Chinese Hackers Back On Attack Following U.S. Exposure

Members of Unit 61398, believed to be the Chinese hackers responsible for breaking into The Wall Street Journal, Lockheed Martin, Coco-Cola and a multitude of U.S. agencies and industries are at it again. The group, believed to be members of China's People's Liberation Army, was the subject of a massive report by The New York Times –– another victim of the hackers –– in February.

That exposé caused the hackers to cease their attacks and focus on covering their digital tracks. Until now.

According to a new report by The New York Times, the group has gradually restarted its cyber-espionage program over the past two months. It's currently targeting many of the same companies it previously attacked, only this time it's using new techniques, servers and computers.

The cybersecurity research firm Mandiant, responsible for tracking and documenting most of Unit 61398 in February's report, says the group is operating at roughly 60 to 70 percent of its former capacity. The firm said it cannot confirm any of the new victims due to privacy agreements with its clients.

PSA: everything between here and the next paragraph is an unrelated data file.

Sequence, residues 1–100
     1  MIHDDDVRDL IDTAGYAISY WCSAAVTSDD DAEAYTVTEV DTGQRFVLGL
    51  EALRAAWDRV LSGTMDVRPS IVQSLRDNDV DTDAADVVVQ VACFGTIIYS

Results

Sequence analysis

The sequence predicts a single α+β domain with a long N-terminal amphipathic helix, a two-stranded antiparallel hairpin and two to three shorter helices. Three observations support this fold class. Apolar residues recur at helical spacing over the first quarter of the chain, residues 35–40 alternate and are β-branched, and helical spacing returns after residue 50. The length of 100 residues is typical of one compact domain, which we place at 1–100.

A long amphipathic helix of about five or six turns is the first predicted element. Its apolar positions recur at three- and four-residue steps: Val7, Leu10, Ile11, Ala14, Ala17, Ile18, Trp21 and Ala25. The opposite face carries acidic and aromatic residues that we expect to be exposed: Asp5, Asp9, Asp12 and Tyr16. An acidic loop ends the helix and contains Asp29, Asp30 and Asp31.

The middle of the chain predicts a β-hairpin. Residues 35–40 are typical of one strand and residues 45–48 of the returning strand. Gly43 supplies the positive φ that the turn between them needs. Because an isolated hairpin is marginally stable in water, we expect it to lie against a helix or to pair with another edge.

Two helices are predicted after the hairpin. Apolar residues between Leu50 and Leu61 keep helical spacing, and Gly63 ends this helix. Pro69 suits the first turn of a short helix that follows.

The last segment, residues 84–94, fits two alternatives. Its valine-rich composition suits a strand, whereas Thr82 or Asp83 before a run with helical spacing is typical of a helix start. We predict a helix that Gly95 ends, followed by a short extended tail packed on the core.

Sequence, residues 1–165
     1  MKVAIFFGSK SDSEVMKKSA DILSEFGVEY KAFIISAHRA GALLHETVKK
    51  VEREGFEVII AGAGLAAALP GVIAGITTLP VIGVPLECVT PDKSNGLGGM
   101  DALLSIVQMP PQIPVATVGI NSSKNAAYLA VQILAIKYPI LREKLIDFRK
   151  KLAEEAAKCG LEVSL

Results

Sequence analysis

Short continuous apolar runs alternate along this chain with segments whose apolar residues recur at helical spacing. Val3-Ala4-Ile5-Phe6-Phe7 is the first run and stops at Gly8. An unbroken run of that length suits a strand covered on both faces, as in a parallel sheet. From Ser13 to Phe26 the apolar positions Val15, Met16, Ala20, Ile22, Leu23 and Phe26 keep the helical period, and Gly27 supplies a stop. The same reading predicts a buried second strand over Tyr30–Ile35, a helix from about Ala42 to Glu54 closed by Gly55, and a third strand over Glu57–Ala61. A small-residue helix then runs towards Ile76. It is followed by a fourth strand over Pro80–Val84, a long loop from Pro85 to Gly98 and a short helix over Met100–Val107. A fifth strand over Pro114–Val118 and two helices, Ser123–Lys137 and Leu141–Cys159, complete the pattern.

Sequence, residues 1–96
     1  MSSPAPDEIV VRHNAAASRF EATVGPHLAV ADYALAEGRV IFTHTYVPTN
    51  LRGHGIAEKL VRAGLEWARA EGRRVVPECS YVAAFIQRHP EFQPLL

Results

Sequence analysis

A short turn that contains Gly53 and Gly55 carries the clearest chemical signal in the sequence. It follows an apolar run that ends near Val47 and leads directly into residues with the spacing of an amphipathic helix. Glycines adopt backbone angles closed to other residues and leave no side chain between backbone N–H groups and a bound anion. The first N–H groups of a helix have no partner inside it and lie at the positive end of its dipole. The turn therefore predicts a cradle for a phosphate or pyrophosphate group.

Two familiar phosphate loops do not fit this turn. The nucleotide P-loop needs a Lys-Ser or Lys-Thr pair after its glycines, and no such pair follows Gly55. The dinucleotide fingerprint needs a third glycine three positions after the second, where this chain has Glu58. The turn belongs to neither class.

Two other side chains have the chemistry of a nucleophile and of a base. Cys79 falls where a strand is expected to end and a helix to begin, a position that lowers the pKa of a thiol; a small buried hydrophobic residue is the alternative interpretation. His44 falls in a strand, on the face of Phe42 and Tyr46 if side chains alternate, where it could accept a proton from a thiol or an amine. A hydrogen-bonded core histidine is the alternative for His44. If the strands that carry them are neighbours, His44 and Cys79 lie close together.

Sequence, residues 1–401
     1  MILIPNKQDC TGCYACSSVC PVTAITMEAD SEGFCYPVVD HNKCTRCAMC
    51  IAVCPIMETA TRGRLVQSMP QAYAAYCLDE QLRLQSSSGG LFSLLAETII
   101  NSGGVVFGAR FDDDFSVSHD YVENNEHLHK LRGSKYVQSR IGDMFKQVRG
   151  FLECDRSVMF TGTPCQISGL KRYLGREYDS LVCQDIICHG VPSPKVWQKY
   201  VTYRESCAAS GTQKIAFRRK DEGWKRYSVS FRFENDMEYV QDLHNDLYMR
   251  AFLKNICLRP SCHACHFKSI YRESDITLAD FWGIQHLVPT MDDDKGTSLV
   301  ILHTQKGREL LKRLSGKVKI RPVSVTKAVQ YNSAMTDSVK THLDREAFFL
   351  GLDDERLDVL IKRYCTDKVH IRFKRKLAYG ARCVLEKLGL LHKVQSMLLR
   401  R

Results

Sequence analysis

"They dialed it back for a little while, though other groups that also wear uniforms didn't even bother to do that," Kevin Mandia, the chief executive of Mandiant, said in an interview with The New York Times. "I think you have to view this as the new normal."

The People's Republic of China, for its part, categorically denies any part in the attacks, and often rebukes criticism by claiming that the U.S. government is far more aggressive in its hacking program.

And it is true that the U.S. government is far from innocent when it comes to cyber-attacks and cyber-espionage. The U.S. is known to be one of the largest purchasers of malware, keeping zero day security exploits to itself to later fold into other exploitative attacks. Additionally, the U.S., with some help from Israel, is also responsible for the Stuxnet virus, a virus specifically created to target, and destroy, uranium centrifuges in Iran. It succeeded.

The topic of cyberattacks, and China's role in them, is expected to be one of the main discussion points when President Obama's national security advisor Tom Donilon meets with Chinese officials later this year.

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